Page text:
The rate and magnitude of predicted climate change require that we urgently mitigate emissions or sequester carbon on a substantial scale in order to avoid runaway climate change. Geo- and bioengineering solutions are increasingly proposed as viable and practical strategies for tackling global warming. Biotechnology companies are already developing transgenic “super carbon-absorbing” trees, which are sold as a cost-effective and relatively low-risk means of sequestering carbon. The question posed in this article is, Do super carbon trees provide real benefits or are they merely a fanciful illusion? It remains unclear whether growing these trees makes sense in terms of the carbon cost of production and the actual storage of carbon. In particular, it is widely acknowledged that “carbon-eating” trees fail to sequester as much carbon as they oxidize and return to the atmosphere; moreover, there are concerns about the biodiversity impacts of large-scale monoculture plantations. The potential social and ecological risks and opportunities presented by such controversial solutions warrant a societal dialogue.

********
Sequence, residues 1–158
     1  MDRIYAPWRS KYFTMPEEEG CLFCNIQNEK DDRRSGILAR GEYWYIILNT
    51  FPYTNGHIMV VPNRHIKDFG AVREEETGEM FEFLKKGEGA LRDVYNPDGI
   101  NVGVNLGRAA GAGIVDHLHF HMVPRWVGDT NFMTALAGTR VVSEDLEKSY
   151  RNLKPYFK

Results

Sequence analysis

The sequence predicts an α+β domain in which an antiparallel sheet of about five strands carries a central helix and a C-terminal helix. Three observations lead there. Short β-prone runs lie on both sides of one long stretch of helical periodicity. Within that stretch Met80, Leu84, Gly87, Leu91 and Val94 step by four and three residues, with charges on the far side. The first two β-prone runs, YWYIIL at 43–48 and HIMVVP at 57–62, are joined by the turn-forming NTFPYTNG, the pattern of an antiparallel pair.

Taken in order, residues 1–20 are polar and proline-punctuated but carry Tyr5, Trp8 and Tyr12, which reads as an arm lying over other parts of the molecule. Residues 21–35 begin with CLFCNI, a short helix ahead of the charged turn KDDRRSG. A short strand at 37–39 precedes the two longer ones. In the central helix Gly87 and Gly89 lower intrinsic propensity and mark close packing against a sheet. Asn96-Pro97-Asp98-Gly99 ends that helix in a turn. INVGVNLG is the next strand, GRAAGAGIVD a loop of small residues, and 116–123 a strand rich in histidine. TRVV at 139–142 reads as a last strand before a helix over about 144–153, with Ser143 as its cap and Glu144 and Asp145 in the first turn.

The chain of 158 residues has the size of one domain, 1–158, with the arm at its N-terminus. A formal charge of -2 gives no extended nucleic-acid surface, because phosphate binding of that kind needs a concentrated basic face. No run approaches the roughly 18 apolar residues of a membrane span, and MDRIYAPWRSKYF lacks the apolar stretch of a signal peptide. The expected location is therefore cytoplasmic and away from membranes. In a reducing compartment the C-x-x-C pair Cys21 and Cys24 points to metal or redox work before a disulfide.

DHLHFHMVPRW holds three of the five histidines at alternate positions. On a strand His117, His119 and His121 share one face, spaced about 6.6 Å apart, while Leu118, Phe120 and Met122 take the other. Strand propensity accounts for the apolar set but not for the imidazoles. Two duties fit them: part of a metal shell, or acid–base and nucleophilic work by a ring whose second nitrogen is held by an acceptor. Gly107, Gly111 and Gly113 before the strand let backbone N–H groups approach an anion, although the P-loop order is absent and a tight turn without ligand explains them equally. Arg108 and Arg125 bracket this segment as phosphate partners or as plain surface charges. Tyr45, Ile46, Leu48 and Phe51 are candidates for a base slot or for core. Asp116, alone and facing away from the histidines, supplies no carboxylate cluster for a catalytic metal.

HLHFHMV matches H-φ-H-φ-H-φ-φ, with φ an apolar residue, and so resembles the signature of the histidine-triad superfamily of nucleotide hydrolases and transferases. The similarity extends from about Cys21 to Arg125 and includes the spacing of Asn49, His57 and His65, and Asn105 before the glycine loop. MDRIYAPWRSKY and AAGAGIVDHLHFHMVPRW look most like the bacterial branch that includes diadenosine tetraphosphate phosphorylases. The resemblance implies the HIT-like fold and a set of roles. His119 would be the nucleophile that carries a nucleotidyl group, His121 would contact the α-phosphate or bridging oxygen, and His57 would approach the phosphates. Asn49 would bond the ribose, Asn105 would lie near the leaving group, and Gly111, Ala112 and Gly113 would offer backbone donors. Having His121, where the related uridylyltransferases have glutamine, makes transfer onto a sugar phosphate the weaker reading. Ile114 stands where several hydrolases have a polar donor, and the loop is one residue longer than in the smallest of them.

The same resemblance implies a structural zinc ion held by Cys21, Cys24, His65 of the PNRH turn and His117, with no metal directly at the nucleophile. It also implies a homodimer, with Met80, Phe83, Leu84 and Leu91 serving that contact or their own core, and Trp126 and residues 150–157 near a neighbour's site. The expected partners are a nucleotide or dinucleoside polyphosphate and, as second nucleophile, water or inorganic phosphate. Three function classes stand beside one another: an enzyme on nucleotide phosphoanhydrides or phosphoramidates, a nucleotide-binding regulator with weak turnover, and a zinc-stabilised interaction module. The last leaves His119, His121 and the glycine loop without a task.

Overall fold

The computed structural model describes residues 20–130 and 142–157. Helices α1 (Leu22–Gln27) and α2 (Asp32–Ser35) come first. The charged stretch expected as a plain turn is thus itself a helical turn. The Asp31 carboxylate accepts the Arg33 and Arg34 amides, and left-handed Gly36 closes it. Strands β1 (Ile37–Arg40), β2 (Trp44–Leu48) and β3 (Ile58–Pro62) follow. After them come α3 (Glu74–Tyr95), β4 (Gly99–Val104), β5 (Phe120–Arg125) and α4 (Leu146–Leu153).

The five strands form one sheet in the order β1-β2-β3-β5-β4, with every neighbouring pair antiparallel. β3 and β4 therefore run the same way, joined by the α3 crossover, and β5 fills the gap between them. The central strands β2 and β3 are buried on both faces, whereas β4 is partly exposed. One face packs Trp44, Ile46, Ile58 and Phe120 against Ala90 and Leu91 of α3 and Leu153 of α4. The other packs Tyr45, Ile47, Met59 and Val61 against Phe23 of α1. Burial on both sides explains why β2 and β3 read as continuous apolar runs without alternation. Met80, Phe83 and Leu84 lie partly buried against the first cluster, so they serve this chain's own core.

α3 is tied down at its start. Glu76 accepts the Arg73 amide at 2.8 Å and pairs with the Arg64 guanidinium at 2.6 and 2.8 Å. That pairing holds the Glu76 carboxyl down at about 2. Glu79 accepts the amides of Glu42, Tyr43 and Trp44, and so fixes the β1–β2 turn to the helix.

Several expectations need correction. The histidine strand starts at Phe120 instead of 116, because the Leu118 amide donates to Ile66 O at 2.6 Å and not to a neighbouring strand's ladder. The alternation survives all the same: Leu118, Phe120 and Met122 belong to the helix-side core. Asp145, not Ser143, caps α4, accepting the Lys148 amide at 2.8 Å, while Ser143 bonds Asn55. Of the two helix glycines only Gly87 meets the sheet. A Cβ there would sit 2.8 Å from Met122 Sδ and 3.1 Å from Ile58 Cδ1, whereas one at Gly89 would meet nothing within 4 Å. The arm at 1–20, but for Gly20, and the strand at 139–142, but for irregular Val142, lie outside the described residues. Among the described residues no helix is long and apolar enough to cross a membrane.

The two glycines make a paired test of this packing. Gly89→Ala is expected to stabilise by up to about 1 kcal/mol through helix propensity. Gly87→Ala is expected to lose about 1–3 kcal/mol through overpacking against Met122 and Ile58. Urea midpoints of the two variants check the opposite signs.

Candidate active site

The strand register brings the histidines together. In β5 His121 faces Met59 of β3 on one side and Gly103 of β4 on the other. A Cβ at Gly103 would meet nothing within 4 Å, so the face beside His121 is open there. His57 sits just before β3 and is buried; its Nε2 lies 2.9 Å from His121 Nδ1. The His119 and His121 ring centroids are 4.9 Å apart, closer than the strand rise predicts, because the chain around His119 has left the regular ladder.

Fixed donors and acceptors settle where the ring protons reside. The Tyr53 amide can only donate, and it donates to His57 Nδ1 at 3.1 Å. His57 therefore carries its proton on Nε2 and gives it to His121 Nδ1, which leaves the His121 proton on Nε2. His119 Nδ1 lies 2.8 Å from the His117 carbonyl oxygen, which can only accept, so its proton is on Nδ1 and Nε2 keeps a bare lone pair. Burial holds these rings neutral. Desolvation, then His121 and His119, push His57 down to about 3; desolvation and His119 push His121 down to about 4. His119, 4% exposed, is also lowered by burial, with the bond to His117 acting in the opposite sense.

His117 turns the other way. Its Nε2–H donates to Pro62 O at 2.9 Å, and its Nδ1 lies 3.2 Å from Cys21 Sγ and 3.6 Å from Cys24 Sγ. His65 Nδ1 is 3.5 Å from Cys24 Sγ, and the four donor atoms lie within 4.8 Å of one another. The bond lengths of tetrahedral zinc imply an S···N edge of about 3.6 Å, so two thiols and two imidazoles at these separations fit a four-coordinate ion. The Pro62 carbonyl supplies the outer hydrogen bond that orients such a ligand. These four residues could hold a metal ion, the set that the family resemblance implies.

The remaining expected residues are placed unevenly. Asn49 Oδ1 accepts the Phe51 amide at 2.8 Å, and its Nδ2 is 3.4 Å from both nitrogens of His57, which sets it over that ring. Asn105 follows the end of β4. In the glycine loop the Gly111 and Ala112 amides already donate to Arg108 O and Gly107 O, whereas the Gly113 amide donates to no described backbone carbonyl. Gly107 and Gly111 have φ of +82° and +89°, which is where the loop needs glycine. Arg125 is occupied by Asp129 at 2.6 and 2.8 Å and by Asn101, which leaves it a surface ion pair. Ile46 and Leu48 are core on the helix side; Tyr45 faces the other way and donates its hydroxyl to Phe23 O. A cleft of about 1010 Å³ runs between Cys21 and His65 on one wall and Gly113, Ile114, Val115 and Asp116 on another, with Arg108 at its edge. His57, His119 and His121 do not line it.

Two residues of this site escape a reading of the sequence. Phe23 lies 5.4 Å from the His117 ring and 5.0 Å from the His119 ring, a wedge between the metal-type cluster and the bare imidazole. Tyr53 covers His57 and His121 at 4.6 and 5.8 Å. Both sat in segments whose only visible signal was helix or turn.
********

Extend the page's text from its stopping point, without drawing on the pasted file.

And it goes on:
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Vol. 60 • No. 9